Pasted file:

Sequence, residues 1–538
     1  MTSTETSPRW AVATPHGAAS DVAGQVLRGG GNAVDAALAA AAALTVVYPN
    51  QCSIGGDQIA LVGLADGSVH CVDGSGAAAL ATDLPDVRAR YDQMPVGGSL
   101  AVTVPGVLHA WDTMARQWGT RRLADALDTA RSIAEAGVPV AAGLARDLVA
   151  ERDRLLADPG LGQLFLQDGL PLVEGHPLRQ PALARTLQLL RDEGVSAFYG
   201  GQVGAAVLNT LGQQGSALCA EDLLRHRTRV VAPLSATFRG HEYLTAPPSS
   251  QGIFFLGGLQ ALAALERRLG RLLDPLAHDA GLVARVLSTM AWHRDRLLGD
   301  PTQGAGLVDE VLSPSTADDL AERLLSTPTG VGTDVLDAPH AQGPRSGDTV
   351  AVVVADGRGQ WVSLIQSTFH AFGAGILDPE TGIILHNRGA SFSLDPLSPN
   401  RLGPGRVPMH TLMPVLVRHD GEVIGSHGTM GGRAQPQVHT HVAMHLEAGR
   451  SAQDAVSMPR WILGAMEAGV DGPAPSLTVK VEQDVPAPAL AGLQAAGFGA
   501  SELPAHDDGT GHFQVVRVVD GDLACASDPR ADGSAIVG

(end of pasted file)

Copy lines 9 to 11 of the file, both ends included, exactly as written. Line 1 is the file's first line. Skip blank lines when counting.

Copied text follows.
   351  AVVVADGRGQ WVSLIQSTFH AFGAGILDPE TGIILHNRGA SFSLDPLSPN
   401  RLGPGRVPMH TLMPVLVRHD GEVIGSHGTM GGRAQPQVHT HVAMHLEAGR
   451  SAQDAVSMPR WILGAMEAGV DGPAPSLTVK VEQDVPAPAL AGLQAAGFGA